Sudan peace agreement in trouble, says UN
The January 2005 pact, if implemented, could signal a major change in Sudan, including power and wealth sharing and integrating security forces.india Updated: Sep 13, 2006 12:38 IST
A peace pact that ended a 21-year civil war in southern Sudan appears to be crumbling, with important pledges ignored or circumvented, according to a report by UN Secretary-General Kofi Annan late on Tuesday.
The January 2005 agreement, if implemented, could signal a major change in Sudan, including power and wealth sharing and integrating security forces.
But some of the basic tenets, including election planning and dividing oil revenues have not been met, as set out in the Comprehensive Peace Agreement (CPA) between the Khartoum government and the southern Sudan People's Liberation Movement, the report to the UN Security Council said.
"While they are observing their security commitments reasonably well, the implementation of several other major provisions of this agreement has fallen behind schedule," Annan wrote.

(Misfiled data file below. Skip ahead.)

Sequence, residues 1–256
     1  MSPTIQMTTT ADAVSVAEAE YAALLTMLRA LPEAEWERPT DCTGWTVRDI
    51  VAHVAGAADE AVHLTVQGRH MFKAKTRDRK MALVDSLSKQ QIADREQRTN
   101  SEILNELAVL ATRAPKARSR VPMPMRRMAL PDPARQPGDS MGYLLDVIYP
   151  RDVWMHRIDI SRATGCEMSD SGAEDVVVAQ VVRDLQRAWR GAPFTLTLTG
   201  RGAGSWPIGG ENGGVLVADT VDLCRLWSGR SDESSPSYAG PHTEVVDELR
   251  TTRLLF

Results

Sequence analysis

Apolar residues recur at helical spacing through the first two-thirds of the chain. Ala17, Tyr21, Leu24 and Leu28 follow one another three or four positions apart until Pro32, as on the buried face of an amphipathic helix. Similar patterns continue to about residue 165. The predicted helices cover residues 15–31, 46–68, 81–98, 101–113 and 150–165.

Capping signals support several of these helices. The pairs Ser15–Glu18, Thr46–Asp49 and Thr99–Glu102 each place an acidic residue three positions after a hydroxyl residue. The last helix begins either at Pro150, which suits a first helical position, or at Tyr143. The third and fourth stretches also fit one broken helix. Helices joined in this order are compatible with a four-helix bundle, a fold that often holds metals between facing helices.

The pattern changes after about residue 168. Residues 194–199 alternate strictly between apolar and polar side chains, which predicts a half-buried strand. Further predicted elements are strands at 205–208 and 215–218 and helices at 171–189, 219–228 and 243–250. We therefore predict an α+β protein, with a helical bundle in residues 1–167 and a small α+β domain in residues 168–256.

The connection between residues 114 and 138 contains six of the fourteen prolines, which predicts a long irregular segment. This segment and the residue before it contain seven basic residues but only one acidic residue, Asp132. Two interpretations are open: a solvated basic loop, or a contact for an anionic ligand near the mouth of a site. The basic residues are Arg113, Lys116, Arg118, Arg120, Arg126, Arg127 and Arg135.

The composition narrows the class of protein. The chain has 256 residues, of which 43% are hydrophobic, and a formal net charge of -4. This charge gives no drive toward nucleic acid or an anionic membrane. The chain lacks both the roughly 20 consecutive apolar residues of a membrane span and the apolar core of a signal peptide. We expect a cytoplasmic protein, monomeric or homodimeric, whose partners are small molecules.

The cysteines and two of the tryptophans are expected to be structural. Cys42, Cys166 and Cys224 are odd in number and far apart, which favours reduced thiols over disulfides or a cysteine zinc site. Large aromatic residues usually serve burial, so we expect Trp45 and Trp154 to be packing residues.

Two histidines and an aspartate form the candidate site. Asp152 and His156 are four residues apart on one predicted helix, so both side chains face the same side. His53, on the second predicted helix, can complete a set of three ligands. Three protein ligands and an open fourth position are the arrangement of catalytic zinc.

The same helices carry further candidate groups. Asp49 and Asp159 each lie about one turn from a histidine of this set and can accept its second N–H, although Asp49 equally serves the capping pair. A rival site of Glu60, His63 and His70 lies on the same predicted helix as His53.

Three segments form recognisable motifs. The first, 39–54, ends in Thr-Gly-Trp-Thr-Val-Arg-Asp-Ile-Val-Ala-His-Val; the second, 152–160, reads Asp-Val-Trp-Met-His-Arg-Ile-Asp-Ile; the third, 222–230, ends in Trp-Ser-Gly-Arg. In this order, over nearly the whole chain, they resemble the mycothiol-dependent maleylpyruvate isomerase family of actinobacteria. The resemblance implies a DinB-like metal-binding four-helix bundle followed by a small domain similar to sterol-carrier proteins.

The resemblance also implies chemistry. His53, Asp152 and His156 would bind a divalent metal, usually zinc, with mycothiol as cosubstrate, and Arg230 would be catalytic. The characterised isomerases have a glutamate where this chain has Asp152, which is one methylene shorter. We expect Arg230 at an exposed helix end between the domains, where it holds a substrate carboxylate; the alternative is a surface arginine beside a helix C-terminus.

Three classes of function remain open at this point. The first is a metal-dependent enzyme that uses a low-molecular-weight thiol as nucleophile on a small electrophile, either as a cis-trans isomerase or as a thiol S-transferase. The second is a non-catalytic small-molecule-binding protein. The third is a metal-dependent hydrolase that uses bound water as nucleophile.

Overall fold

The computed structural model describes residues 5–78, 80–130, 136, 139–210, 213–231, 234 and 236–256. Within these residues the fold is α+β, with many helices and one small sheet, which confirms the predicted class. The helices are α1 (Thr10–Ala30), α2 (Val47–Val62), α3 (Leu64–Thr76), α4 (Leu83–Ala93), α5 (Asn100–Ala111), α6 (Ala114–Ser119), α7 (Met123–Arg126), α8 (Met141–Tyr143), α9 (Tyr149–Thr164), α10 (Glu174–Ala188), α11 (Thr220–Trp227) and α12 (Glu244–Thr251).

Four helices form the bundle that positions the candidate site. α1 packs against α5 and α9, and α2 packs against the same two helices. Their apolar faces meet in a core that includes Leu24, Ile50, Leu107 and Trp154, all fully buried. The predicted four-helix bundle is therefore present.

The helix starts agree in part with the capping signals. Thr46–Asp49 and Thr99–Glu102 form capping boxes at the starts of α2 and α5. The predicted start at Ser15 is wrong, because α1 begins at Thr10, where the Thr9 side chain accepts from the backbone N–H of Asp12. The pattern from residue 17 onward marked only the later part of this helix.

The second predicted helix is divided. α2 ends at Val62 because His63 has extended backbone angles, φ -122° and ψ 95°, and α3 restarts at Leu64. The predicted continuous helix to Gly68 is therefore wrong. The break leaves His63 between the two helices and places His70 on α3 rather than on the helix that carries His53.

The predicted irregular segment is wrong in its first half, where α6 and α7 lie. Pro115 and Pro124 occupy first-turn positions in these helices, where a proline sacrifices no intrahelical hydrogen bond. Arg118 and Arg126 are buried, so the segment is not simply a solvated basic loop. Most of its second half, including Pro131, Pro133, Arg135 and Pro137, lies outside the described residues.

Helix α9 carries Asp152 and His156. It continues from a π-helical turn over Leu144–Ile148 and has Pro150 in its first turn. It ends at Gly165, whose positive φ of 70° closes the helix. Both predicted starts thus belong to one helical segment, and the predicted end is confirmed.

"It is clear that implementing the CPA is a daunting challenge."
The United Nations has some 10,000 peacekeepers in the south to monitor the agreement and help train police, human rights workers and provide other services.
It has set up a radio station where there was none but the Khartoum government has ignored an agreement with the world body and refused to allow broadcasts in the north.
Moreover, the UN Mission in Sudan, known as UNMIS, has not been permitted to monitor the oil-rich Abyei region.
Sudan customs has also delayed the release "of a wide range of items, including food rations" and held some major communications equipment since February, the report said.
In the impoverished south where paved roads are rare, some 370 km of roads have been repaired, contributing to the return of over 10,000 refugees, food aid to 3 million people and polio immunization of 4.8 million children, the report said.
But donors have not lived up to their pledges, committing $430 million of the $2.6 billion needed for reconstruction.
Annan also said that multi-donor trust funds, administered by the World Bank, "have proved ill-suited to meet immediate post-conflict requirements."
Still, Annan said that a durable peace in the south would not take hold until the crisis in the western region of Darfur had been resolved.
In recent months fighting has increased between rebels and government-backed militia, with the Sudanese military sending in troops and bombing villages.
Sudan has refused to allow the United Nations to take over peacekeeping duties in Darfur, now handled by under-financed and under-equipped African Union forces.